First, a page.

EuropeFeaturedHydrogen

RWE buys Vattenfall’s 1.4-gigawatt power plant and transforms Eemshaven into an energy and hydrogen center

0
RWE
RWE
Vattenfall will sell the ‘Magnum’ natural gas-fired power station in Eemshaven, Groningen, to RWE.

The two companies have inked a corresponding agreement. With an installed capacity of 1.4 gigawatts, the plant, which has been operational since 2013, is among the most contemporary of its kind.

Magnum is located in close proximity to RWE’s existing power station in Eemshaven, a hard coal and biomass-fired facility with a capacity of 1,560 megawatts. RWE therefore anticipates substantial benefits from pooling local infrastructure.

Already hydrogen-capable natural gas-fired power plant

Magnum is already “hydrogen-ready” due to its building design; the plant may be made technically acceptable to co-combust up to 30% hydrogen. Furthermore, by the end of the decade, it may be possible to convert Magnum to use only hydrogen as its only fuel. Magnum supports not just the decarbonization of the Dutch energy industry, but also the local extension of the hydrogen infrastructure in the province of Groningen, a project cluster in which RWE is already actively participating through the ‘Eemshydrogen’ project.

Sopna Sury, COO Hydrogen of RWE Generation SE: “With the acquisition of the power plant in Eemshaven, we are strengthening our Eemshydrogen project cluster. At this site, we want to drive forward the production of low-cost hydrogen at large scale. Green hydrogen is the key element for decarbonizing the industry and thus an important pillar for the success of the energy transition.”

RWE has been developing Eemshydrogen, an innovative project for the ecologically friendly production of hydrogen in Eemshaven, from the year 2020. RWE wants to construct electrolysers with a combined capacity of 600 megawatts as part of the tender for the Hollandse Kust West VII offshore wind farm. This would stably transform Groningen into one of the Dutch hydrogen economy’s centers of gravity.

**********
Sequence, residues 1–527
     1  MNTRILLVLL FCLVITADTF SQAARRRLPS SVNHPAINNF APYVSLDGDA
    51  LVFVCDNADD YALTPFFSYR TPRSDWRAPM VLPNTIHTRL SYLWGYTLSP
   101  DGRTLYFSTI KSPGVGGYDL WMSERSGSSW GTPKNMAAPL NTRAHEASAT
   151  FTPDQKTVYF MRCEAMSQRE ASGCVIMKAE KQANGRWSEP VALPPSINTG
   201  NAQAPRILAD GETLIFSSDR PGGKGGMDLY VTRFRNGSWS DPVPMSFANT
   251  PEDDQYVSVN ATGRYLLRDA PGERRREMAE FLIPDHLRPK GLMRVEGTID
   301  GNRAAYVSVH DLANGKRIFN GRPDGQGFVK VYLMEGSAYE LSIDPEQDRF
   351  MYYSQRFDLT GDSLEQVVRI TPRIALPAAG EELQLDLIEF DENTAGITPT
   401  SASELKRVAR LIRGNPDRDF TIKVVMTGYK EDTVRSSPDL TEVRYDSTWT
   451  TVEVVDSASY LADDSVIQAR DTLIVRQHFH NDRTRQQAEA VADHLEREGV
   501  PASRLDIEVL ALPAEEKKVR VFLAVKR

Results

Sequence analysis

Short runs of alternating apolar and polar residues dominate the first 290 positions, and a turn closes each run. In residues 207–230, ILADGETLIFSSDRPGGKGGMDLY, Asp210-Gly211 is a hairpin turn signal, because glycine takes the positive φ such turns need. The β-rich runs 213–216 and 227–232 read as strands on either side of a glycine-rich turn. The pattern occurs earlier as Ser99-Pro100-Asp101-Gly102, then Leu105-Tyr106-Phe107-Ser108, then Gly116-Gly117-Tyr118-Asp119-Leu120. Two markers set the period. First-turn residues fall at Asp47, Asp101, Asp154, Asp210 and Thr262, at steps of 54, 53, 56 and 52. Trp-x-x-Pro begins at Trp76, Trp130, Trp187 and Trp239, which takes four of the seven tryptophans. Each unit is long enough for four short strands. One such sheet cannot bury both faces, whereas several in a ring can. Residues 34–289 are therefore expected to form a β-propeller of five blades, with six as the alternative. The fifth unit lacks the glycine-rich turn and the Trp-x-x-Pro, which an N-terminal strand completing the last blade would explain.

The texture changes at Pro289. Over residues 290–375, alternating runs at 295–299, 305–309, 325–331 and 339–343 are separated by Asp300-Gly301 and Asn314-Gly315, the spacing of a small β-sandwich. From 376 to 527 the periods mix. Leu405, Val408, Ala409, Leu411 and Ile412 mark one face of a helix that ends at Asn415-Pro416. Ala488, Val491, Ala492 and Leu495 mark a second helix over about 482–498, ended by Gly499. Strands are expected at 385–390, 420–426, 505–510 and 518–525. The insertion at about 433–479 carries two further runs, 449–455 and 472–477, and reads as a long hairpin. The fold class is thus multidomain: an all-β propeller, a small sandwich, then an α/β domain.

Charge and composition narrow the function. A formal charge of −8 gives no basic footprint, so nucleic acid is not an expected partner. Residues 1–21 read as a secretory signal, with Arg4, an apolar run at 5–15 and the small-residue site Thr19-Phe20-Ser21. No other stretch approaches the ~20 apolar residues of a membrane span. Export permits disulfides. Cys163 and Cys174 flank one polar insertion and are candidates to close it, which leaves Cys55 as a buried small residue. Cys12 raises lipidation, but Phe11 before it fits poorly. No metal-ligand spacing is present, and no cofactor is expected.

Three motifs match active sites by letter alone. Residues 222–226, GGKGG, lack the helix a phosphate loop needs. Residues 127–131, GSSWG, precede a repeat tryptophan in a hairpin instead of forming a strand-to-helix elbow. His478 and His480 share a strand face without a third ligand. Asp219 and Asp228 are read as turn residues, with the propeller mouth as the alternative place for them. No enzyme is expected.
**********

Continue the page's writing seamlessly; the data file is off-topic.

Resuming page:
The Eemshaven location could emit negative CO2

Magnum and RWE’s Eemshaven power station will be able to deploy carbon capture and storage (CCS) technologies in the future due to their proximity to the Dutch North Sea and the adjacent old natural gas reserves. This would allow the Eemshaven site to run with a negative CO2 production, as opposed to being CO2 neutral. RWE hopes to receive the necessary government backing to make this project technically, politically, and commercially viable.

In Groningen province’s Eemshaven port, in close proximity to Magnum, Gasunie is developing LNG (liquefied natural gas) terminals, which can be supported by heat from RWE power plants, for instance.

Thus, a comprehensive utilization of the Eemshaven property enables RWE to become one of the major energy and hydrogen centres in Northwest Europe.

The acquisition will close by the end of September 2022

The transaction is anticipated to close by the end of September 2022. The purchase price agreed upon amounts to an enterprise value of 500 million euros. The acquisition also includes a solar plant with a capacity of 5.6 megawatts located on the property. RWE will acquire the whole workforce of Magnum from Vattenfall. The purchase is subject to the advice of Vattenfall’s works council, among others.

RWE has assisted the Dutch government for many years in advancing the energy transition. The Netherlands is one of RWE’s primary target markets for expanding its renewable energy portfolio. In this region, RWE manages seven onshore wind farms with a total installed capacity of more than 330 MW (RWE’s proportional share), with further projects in development and construction. In addition, RWE operates and develops solar farms, notably the Amer floating solar project. RWE is also developing onshore and offshore hydrogen projects, such as H2opZee, NortH2, and FUREC, which all contribute to the decarbonization of the industry.

Nedim Husomanovic

UAE Kidzard green hydrogen and ammonia project signed

Previous article

Bosch urge ‘hydrogen economy’

Next article

You may also like

More in Europe

Comments

Comments are closed.